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Speedy trial clock should continue after bad faith non-prejudicial dismissal

Jun 02, 2008 Speedy trial clock should continue after bad faith non-prejudicial dismissal

 

Bill of Rights (From public domain.)

In some courthouses, it is hit or miss whether the prosecutor will be ready for trial on the trial date. In other courthouses, it is unusual for the prosecutor not to be prepared to proceed forward on the trial date. In some jurisdictions, prosecutors anticipate that they will ordinarily receive great leeway for obtaining trial postponements, which feeds into a habit of not assuring that the prosecutor is ready for trial and has all his or her witnesses lined up.

Some prosecutors like to fall back on seeking a non-prejudicial case dismissal when their trial continuance motion is denied, to enable the prosecutor to recharge the case. My response is that, under such circumstances, the speedy trial clock should continue running, lest the non-prejudicial dismissal become a cynical end-run around a denial of a postponement motion. Maryland’s highest court generally agrees. Maryland v. Price, 385 Md. 261, 868 A.2d 252 (2005).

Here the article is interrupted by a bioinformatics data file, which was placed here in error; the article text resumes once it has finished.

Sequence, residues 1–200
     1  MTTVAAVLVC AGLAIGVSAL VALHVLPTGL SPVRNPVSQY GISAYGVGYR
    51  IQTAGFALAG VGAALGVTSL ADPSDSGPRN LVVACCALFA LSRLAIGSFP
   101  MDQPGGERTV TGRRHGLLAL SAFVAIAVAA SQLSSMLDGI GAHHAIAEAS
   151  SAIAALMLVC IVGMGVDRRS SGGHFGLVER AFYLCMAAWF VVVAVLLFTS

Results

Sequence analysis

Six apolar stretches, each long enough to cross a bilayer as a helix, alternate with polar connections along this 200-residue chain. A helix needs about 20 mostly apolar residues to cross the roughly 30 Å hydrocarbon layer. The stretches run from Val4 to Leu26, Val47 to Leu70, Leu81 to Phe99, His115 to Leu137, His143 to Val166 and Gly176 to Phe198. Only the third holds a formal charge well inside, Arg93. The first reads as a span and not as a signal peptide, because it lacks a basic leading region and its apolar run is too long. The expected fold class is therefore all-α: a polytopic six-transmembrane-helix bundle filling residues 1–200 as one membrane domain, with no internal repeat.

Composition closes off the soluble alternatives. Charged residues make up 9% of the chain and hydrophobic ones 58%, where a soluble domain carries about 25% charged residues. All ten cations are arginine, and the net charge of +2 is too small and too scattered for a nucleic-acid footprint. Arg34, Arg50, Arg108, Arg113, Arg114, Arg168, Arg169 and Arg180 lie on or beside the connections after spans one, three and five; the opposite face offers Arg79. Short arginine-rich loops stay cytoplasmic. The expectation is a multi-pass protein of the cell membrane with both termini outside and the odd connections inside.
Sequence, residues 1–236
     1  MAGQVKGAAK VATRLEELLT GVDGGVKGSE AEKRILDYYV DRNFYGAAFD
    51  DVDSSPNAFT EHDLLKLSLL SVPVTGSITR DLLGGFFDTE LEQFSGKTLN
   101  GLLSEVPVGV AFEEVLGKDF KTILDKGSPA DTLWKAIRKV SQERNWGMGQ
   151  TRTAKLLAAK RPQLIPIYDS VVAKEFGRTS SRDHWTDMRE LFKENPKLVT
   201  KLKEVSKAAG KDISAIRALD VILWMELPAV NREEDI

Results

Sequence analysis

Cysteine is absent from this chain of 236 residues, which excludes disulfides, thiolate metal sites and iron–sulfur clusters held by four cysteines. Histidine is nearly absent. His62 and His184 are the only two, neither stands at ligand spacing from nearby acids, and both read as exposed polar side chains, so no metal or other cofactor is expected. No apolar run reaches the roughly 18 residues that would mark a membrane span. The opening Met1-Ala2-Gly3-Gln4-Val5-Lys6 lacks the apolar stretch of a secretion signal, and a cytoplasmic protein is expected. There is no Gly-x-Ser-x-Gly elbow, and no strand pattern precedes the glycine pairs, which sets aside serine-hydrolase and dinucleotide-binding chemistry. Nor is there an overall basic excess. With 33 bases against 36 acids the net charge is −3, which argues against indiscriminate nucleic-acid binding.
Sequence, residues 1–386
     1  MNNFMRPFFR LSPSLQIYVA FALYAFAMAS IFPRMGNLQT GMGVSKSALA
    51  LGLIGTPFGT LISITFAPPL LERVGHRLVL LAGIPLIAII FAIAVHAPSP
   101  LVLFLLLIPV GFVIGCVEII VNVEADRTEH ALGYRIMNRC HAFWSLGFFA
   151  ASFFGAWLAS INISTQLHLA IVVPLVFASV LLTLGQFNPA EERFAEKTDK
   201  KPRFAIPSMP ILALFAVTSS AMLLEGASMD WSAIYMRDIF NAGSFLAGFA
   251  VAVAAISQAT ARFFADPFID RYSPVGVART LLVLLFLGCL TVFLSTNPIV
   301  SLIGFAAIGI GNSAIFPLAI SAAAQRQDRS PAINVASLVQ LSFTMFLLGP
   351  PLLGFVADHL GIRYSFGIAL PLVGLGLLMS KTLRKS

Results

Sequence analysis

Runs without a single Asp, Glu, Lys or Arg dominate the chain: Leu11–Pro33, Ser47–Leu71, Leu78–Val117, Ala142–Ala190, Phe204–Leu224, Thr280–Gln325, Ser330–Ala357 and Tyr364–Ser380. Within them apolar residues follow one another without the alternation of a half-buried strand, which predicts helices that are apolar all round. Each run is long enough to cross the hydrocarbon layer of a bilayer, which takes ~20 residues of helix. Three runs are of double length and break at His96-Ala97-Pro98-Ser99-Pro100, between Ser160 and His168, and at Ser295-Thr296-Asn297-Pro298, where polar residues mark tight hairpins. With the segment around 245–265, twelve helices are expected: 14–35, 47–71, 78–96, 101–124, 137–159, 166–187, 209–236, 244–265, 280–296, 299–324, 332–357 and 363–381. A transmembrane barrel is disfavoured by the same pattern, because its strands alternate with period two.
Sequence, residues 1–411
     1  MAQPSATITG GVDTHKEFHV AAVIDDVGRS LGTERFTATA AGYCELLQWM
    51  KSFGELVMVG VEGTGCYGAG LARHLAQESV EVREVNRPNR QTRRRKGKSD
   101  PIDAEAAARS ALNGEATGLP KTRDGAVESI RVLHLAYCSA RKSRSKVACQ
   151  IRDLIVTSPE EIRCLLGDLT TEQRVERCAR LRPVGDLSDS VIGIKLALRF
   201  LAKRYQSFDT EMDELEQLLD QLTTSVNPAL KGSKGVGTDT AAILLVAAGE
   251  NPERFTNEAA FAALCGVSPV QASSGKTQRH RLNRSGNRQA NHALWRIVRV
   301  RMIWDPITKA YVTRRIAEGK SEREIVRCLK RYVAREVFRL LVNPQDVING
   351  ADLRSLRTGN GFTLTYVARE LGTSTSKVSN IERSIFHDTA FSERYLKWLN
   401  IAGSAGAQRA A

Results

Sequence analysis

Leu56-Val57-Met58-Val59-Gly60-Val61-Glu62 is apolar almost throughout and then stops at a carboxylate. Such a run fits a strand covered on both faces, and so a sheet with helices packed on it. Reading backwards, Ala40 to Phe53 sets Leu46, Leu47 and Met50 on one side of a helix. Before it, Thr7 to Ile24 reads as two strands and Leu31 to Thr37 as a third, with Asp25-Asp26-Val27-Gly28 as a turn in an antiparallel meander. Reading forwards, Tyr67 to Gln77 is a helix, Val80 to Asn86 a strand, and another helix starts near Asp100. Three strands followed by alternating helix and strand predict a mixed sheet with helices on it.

What is the situation where you practice criminal defense? Are prosecutors automatically able to obtain non-prejudicial case dismissals? Do court opinions and court practice throw obstacles in front of prosecutorial efforts to turn such dismissals into end-runs around denials of trial postponements? Jon Katz

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